original abstract †Abstracts here may not perfectly match originals, for a variety of technical and practical reasons. Some abstacts are truncated for my purposes here, if they are particularly long-winded and unhelpful. I occasionally add clarifying notes. And I make some minor corrections.
Patients with pain may be at increased risk of developing a first episode of depressive or anxiety disorder. Insight into possible associations between specific pain characteristics and such a development could help clinicians to improve prevention and treatment strategies. The objectives of this study were to examine the impact of pain symptomatology on depression and anxiety onset and to determine whether these associations are independent of subthreshold depressive and anxiety symptoms. Data from the Netherlands Study of Depression and Anxiety, collected between 2004 and 2011, were used. A total of 614 participants with no previous history and no current depression or anxiety at baseline were followed up for 4 years. Onset of depressive or anxiety disorder was assessed at 2- and 4-year follow-up by Composite International Diagnostic Interview. Baseline pain characteristics were location, duration, and severity, as assessed by chronic pain grade. Onset of depressive or anxiety disorder occurred in 15.5% of participants. Using Cox survival analyses, onset of depression and anxiety was associated with 6 pain locations (neck, back, head, orofacial area, abdomen, and joints; hazard ratio [HR]=1.96 to 4.02; P<.05), increasing number of pain locations (HR=1.29; P<.001), and higher severity of pain (HR=1.57; P<.001). By contrast, there was no association with duration of pain symptoms (HR=1.47; P=.12). Independent of subthreshold affective symptoms, only joint pain and increasing number of pain locations were still significantly associated with depression and anxiety onset. Clinicians should be aware that regardless of affective symptoms, pain, particularly at multiple locations, is a risk indicator for developing depressive and anxiety disorders.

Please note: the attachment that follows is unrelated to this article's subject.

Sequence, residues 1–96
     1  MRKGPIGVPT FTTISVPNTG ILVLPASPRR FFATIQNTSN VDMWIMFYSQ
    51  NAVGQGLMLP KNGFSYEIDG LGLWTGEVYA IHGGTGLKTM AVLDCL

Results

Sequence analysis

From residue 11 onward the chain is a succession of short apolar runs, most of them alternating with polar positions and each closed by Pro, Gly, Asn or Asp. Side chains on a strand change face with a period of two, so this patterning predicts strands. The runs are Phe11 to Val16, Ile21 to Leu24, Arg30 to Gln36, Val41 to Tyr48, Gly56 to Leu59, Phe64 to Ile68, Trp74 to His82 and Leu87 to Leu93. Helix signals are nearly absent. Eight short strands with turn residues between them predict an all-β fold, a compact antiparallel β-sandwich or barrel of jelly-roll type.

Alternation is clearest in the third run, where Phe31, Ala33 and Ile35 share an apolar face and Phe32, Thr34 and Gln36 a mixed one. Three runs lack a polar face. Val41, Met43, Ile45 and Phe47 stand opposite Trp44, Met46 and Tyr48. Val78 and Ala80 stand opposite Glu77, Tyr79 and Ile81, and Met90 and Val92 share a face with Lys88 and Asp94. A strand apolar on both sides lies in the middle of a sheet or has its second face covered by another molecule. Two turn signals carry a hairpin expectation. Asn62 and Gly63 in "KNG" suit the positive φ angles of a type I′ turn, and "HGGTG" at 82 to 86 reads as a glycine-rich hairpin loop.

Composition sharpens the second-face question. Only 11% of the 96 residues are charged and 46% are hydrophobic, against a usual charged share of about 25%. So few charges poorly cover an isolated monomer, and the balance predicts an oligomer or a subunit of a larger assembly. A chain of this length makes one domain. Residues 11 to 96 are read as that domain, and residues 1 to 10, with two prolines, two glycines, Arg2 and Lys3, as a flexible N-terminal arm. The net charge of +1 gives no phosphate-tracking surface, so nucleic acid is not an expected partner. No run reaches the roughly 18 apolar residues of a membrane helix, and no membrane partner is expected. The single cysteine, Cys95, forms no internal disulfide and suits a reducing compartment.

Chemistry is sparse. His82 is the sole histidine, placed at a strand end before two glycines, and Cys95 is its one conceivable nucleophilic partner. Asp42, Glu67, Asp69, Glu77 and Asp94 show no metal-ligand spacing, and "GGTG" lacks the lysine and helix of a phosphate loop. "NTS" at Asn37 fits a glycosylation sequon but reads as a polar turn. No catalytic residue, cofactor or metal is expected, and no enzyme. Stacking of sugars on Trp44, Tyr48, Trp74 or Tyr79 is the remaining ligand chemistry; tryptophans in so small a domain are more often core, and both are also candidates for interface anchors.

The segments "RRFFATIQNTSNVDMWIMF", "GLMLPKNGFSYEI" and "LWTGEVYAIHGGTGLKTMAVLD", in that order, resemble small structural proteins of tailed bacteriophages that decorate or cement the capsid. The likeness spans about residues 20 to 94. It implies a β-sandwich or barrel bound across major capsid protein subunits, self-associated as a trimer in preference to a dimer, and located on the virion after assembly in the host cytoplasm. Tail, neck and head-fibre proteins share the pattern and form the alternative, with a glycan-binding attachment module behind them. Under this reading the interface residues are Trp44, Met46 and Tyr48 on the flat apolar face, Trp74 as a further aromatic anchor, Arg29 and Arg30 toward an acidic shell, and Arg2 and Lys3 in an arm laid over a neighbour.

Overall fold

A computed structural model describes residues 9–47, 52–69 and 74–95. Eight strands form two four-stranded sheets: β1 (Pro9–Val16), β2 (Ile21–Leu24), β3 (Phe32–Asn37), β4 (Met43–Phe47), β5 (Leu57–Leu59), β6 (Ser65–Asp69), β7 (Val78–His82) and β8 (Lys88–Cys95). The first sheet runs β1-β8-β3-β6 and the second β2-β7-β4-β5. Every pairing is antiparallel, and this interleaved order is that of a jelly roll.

- “Pain, not chronic disease, is associated with the recurrence of depressive and anxiety disorders,” Gerrits et al, BMC Psychiatry, 2014.
- “Longitudinal association between pain, and depression and anxiety over four years,” Gerrits et al, J Psychosom Res, 2015.
This page is part of the PainScience BIBLIOGRAPHY, which contains plain language summaries of thousands of scientific papers & others sources. It’s like a highly specialized blog. A few highlights:
- Cannabidiol (CBD) products for pain: ineffective, expensive, and with potential harms. Moore 2023 J Pain.
- Inciting events associated with lumbar disc herniation. Suri 2010 Spine J.
- Prediction of an extruded fragment in lumbar disc patients from clinical presentations. Pople 1994 Spine (Phila Pa 1976).
- Characteristics of patients with low back and leg pain seeking treatment in primary care: baseline results from the ATLAS cohort study. Konstantinou 2015 BMC Musculoskelet Disord.
- Effectiveness and cost-effectiveness of universal school-based mindfulness training compared with normal school provision in reducing risk of mental health problems and promoting well-being in adolescence: the MYRIAD cluster randomised controlled trial. Kuyken 2022 Evid Based Ment Health.